German Foreign Minister Heiko Maas on Monday warned Iran: "The opportunity that is now being offered — the last window of opportunity — must not be squandered." The top diplomat said the Joint Comprehensive Plan of Action (JCPOA), better known as the Iran nuclear deal, was at a crossroads and that the coming weeks and months would determine its fate.
Speaking after a remote video conference, the first meeting of high-level representatives from signatory countries in more than a year, Maas said the US "maximum pressure campaign" and Iranian intransigence had pushed talks into a "downward spiral."
A joint statement released by Maas and the foreign ministers of Iran, China, Russia and the UK acknowledged their desire to see the treaty upheld and greeted the prospects of a US return to it under incoming President-elect Joe Biden as "positive." President Donald Trump unilaterally withdrew the US from the 2015 agreement in 2018, decrying it as "the worst deal in history."
Deeds not words needed
Maas made it clear to Iran that: "To make possible rapprochement under Biden, there must be no more tactical maneuvers of the kind we have seen plenty of in recent times — they would do nothing but further undermine the agreement. We Europeans further underscored the fact that more will be required than a simple recognition of terms."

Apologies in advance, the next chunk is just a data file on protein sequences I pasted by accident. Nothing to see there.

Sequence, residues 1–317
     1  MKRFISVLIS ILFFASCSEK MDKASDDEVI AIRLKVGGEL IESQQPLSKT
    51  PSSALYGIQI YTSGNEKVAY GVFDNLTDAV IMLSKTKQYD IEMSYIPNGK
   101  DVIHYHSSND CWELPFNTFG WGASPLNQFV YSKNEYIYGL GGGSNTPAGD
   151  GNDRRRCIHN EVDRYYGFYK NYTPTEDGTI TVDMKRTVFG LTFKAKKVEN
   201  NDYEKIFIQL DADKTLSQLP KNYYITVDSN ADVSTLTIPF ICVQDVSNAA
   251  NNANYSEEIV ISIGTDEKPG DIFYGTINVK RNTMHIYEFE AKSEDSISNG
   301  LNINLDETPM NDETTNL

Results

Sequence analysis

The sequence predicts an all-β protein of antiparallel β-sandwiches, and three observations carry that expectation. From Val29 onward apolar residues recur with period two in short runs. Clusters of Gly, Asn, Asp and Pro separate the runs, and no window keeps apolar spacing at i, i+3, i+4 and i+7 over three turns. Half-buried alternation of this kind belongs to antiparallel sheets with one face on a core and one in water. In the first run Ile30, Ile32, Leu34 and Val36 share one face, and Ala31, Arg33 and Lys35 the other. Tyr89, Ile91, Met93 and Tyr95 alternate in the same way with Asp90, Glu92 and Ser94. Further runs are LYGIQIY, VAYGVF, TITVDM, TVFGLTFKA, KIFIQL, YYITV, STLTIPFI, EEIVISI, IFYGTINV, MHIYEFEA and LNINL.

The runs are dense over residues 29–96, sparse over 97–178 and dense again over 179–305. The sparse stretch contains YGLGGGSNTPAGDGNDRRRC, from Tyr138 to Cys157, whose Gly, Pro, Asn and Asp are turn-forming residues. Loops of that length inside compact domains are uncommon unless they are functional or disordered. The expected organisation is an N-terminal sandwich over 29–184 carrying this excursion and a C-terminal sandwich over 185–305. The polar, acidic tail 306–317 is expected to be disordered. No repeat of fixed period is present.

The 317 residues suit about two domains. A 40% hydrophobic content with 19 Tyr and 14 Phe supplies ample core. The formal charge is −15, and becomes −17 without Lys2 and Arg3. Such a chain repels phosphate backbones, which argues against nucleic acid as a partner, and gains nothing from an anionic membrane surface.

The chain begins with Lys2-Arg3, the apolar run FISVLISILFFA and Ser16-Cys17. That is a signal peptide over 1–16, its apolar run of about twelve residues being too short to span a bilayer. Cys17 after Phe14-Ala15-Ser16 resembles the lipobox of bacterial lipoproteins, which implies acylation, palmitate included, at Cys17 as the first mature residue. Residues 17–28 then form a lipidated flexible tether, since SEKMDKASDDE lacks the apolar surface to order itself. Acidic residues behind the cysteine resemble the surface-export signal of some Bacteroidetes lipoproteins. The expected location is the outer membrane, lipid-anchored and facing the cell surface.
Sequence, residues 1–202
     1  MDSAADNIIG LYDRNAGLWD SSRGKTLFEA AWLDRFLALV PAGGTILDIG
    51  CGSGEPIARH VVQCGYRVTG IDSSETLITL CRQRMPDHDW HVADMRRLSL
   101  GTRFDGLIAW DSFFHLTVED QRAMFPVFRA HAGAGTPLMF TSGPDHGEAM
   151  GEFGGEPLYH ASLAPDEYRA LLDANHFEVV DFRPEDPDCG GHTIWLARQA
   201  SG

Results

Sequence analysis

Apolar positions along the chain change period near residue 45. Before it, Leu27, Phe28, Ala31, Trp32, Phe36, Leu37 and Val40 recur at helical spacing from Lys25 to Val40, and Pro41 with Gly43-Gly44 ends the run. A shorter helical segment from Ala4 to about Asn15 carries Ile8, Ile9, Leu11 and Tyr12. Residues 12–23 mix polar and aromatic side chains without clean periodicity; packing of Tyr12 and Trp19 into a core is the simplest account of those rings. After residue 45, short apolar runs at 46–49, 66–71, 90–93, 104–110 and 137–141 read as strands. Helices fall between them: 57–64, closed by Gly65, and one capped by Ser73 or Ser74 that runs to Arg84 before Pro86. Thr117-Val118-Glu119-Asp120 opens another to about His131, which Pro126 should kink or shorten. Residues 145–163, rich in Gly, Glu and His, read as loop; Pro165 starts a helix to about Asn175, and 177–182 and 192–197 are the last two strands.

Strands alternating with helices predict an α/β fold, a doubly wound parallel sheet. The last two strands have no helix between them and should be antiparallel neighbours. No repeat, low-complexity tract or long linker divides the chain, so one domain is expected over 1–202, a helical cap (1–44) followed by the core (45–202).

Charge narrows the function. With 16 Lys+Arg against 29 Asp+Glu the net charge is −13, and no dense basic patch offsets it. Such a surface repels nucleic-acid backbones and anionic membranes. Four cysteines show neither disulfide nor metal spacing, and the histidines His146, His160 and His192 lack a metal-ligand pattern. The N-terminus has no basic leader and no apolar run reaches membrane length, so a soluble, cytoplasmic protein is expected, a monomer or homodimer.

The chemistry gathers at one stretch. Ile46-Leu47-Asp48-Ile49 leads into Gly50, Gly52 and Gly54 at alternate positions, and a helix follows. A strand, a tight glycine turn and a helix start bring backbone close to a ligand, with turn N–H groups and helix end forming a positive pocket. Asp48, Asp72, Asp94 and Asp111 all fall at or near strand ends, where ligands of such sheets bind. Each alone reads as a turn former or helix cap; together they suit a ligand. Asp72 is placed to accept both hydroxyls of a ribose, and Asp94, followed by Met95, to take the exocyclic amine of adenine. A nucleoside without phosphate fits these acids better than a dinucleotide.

Maas was echoed by UK Foreign Secretary Dominic Raab, who said: "I made it absolutely clear Iran must not implement the recently announced expansions of its nuclear program. To do so would undermine the opportunities for progress we hope to see in 2021."
A joint statement said the "full and effective implementation of the JCPOA by all remains crucial."
Maas also highlighted the importance that Germany attaches to ensuring that Iran never develops a nuclear weapon, stating: "Israel's security is our top priority."
The old deal, a new deal or no deal?
After being placed under US sanctions, the Islamic Republic of Iran has recently begun contravening the terms of the agreement meant to curb Iran's nuclear program in exchange for financial relief.
Although Iran allowed inspectors from the International Atomic Energy Agency (IAEA) to monitor its nuclear sites — which it continues to do — and fulfilled some other obligations, it has exceeded uranium enrichment limits.
The nuclear agreement was derailed by the Trump administration, which leveled heavy sanctions against Iran and issued secondary sanctions against anyone doing business with Iran after the US withdrew from the agreement. Before scrapping the deal, Trump's administration had reported multiple times that Iran had been complying with the term of the agreement.
Last month, hardline Iranian politicians passed legislation allocating more money for uranium enrichment, as well as curbing IAEA inspector access to Iranian nuclear facilities. The 2015 deal limited the practice of enriching uranium as the material can be used to produce nuclear warheads.
There is some hope that new life can be breathed into the deal when Biden, who was vice-president when the deal was originally signed, meets Iranian President Hassan Rouhani, who has a reputation as a pragmatist.
The larger question will pertain to whether Biden will return to the old deal, as preferred by Iran, or push for a new, more expansive deal that would address Iran's human rights violations and its malign activities across the Middle East.
js/sms (AFP, AP, dpa)